It gets me thinking about our whole history of cruelty, injustice, and sin (to call it what it is), and how that registers in the grand scheme of our relationship with God. Gets me thinking.
The God Who Stared into Darkness
Iraq busies itself with the canine pastime of chewing off its limbs,
preferring its faith-made proponents of peace
as pixels grislying YouTube.
The blood that must have baked like heliotrope and glass,
something in it reminds me of the garden
whose loss we grieved with murder,
and the God who stared into darkness and loved the thing
it gave Him the urge to birth before breath,
or soil, or light.
In that darkness, this God knew every tendril it would weave
through the life poised on the tip of His tongue:
every sharpened rock and jawbone, every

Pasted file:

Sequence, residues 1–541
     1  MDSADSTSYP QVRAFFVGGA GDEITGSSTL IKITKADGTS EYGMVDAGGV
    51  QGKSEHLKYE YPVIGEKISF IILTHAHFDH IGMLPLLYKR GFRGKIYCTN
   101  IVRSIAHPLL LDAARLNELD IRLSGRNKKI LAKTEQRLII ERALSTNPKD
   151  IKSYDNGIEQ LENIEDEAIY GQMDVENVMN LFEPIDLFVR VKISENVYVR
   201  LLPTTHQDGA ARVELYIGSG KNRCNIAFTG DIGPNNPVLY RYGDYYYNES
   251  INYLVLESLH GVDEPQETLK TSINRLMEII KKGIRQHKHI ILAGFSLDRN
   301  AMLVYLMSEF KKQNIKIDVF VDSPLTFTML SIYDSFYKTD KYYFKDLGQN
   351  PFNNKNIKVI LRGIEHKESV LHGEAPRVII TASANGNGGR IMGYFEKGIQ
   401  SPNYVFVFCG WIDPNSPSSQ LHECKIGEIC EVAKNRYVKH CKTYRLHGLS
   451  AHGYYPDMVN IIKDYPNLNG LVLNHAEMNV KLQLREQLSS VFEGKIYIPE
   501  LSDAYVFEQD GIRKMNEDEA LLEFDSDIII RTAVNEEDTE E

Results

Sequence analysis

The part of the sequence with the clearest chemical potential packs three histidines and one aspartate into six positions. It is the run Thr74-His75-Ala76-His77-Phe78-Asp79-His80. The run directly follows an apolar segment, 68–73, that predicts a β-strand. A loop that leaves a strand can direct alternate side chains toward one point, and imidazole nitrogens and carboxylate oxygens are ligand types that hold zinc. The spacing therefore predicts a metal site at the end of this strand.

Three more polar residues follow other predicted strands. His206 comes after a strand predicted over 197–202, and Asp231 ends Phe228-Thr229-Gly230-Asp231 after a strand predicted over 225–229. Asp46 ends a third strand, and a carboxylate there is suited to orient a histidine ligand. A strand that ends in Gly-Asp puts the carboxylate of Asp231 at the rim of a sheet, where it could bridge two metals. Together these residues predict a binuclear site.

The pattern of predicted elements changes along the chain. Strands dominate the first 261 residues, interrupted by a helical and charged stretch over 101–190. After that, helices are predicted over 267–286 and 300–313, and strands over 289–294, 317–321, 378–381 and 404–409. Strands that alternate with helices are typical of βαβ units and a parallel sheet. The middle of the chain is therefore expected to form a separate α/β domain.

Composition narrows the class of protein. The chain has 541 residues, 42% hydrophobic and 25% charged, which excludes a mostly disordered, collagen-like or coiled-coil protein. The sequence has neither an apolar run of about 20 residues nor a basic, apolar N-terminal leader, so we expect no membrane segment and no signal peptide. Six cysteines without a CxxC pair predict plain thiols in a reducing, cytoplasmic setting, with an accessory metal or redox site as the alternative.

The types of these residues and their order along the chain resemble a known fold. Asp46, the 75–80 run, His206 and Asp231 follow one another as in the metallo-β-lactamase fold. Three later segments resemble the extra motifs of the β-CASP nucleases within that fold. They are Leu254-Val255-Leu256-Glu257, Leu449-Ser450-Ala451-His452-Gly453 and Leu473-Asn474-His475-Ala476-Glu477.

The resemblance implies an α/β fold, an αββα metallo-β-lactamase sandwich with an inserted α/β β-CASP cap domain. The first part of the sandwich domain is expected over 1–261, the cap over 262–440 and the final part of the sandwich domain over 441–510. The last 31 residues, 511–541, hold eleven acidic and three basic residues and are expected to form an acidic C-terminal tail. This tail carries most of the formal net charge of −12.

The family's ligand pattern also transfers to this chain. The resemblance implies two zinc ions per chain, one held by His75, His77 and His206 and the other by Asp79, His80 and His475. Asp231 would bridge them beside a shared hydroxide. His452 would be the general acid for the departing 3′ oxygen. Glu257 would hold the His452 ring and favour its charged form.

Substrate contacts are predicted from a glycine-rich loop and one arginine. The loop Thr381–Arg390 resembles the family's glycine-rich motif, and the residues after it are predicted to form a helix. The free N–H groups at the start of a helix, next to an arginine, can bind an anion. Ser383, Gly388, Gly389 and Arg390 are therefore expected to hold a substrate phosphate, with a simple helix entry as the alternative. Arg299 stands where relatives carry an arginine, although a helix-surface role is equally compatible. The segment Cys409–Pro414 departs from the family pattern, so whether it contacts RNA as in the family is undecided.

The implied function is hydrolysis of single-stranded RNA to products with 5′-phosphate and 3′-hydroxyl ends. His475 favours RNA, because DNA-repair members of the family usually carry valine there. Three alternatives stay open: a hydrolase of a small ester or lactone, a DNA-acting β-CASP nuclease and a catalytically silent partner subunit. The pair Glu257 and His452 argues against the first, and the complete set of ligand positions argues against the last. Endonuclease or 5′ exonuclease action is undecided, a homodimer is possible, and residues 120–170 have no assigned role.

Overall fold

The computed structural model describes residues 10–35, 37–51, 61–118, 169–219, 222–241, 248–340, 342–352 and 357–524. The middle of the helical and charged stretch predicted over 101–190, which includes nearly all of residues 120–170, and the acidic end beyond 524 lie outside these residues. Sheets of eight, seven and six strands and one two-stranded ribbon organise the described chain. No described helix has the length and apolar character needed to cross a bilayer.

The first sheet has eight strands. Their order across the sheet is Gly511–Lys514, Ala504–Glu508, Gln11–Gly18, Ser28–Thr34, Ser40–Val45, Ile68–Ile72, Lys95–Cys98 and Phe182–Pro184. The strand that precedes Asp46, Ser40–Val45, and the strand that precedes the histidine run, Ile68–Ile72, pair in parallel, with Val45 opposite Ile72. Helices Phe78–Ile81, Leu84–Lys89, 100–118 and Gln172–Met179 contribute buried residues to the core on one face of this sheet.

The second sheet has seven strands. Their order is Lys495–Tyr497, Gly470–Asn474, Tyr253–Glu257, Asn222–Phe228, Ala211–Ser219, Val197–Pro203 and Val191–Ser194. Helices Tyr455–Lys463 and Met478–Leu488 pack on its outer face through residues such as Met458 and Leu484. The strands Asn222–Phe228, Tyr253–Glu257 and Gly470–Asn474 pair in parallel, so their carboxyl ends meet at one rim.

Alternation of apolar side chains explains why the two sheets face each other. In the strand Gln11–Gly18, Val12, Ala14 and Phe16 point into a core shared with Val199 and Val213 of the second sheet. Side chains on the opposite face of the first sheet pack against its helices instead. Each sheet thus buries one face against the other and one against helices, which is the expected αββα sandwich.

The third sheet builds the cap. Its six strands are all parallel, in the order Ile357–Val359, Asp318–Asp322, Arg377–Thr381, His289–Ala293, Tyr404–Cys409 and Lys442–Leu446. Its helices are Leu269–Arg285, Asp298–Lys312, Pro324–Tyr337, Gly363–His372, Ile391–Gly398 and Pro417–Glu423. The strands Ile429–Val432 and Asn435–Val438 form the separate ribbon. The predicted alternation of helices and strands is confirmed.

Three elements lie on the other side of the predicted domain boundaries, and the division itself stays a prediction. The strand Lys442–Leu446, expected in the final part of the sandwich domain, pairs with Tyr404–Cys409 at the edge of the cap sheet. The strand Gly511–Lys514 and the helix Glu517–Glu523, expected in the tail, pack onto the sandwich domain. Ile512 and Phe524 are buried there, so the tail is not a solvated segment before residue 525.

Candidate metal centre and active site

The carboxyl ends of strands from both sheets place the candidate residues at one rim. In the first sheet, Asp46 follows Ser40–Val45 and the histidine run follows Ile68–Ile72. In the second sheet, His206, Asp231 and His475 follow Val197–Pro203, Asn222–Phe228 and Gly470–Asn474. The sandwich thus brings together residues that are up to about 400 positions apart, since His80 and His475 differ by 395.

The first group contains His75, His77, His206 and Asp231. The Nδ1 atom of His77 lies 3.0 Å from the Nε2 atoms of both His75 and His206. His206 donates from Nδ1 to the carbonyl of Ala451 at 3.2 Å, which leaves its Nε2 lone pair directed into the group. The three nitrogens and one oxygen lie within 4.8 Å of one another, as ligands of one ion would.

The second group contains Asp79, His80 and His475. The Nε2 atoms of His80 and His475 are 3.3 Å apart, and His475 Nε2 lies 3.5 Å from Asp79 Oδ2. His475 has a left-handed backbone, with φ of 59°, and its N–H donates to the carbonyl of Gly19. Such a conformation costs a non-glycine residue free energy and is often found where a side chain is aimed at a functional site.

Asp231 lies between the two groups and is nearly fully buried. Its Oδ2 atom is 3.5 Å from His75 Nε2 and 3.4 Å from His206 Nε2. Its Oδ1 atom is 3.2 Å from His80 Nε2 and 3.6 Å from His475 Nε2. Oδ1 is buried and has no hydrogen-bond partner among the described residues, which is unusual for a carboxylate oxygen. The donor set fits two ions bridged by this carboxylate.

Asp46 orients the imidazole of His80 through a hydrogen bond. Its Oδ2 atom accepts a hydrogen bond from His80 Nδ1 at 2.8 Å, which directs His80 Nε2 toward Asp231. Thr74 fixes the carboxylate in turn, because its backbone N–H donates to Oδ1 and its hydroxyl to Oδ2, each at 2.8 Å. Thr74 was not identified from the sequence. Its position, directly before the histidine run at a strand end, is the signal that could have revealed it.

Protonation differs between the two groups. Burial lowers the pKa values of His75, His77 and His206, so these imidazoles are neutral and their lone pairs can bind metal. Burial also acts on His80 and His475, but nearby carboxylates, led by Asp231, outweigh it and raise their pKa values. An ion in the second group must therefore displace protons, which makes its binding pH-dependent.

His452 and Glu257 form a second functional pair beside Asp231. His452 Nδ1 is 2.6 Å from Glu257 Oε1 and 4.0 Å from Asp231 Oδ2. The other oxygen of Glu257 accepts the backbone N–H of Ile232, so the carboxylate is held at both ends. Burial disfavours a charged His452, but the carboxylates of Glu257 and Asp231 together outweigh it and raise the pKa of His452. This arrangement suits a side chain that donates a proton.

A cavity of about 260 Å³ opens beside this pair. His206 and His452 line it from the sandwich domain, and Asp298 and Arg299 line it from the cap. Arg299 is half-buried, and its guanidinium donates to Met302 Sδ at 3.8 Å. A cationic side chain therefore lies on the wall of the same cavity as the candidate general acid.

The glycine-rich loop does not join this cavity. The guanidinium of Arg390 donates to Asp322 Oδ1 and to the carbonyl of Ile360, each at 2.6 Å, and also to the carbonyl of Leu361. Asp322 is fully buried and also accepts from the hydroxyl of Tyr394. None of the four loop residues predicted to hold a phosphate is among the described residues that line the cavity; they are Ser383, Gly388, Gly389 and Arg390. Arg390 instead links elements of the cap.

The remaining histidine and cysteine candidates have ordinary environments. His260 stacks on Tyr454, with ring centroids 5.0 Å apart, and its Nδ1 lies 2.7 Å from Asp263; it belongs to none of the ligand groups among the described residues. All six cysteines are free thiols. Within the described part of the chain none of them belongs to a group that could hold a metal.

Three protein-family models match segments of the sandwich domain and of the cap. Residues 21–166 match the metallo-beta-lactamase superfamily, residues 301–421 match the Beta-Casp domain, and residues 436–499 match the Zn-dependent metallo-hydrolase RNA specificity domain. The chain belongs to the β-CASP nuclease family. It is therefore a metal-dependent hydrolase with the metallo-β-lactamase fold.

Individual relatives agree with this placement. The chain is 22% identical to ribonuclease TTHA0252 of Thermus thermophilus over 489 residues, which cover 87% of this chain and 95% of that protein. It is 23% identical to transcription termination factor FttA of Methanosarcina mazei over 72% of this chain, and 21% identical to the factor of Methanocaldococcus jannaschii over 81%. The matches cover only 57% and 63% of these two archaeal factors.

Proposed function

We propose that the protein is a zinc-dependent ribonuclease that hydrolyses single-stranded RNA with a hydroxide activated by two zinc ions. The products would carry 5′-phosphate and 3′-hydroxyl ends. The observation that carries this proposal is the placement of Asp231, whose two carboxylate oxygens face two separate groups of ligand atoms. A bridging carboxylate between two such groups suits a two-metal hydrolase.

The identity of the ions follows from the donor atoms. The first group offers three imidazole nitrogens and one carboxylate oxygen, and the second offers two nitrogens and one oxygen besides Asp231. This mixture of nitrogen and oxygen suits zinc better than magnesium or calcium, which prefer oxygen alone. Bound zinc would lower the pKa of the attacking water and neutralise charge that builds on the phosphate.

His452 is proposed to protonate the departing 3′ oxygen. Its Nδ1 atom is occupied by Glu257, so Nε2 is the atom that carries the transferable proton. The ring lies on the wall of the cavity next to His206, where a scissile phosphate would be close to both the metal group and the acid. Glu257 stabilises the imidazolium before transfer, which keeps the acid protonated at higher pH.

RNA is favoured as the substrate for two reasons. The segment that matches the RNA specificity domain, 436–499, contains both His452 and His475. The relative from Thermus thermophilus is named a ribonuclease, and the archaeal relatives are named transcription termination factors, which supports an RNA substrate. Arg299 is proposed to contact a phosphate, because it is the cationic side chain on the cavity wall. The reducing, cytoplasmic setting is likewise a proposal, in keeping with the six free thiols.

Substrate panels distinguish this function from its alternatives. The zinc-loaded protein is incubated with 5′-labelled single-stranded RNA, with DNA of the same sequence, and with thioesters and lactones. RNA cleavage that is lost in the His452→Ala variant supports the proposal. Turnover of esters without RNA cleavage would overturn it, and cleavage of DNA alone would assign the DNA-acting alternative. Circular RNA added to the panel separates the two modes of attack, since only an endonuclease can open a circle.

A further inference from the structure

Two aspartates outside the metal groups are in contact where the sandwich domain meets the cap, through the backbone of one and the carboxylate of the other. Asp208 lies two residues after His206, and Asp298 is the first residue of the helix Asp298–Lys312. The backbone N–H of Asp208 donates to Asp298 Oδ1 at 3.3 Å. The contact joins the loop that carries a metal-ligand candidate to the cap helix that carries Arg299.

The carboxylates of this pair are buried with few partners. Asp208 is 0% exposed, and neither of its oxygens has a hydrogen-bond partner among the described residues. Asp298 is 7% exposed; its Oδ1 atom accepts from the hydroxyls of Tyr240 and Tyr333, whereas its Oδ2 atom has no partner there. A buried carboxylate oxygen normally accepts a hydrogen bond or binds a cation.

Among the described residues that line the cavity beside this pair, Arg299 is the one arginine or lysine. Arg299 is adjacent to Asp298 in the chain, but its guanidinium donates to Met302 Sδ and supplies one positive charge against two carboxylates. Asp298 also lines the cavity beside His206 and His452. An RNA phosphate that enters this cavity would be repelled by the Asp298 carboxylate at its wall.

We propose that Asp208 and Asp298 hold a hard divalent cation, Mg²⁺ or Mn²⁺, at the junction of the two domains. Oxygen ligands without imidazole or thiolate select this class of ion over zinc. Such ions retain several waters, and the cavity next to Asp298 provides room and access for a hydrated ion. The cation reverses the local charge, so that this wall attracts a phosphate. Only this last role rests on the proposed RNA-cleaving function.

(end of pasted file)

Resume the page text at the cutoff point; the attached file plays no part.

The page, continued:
chambered round no more free of Cain's fratricidal thumbprint
than that morning star of a precedent our hands
were all-too-glad to inherit.
Before any holocaustic Auschwitz or Levant-possessing successor,
before any injustice paid for in the pain and mosaic
this God loved the idea of us enough to endure the infinite
forms of heartbreak we'd most certainly return Him.
What unfathomable joy, then,
are we capable of creating? Our very existence is proof of the promise
God saw in the shapeless rags given light
and soil and breath.
The rivers that ululate to Heaven with tongues of bloodstone and ash
are more famished now than when spouted
from Abel's prostrate sorrow,
but the promise that saw the sculpt of hand and face is not
our burden to keep, but our hope, our reminder
that eventually the tunnel
so easily forgotten for a gun
will shed its lachrymose trappings and we, free at last
of this sulfur-rich darkness, will know fully what was always promised.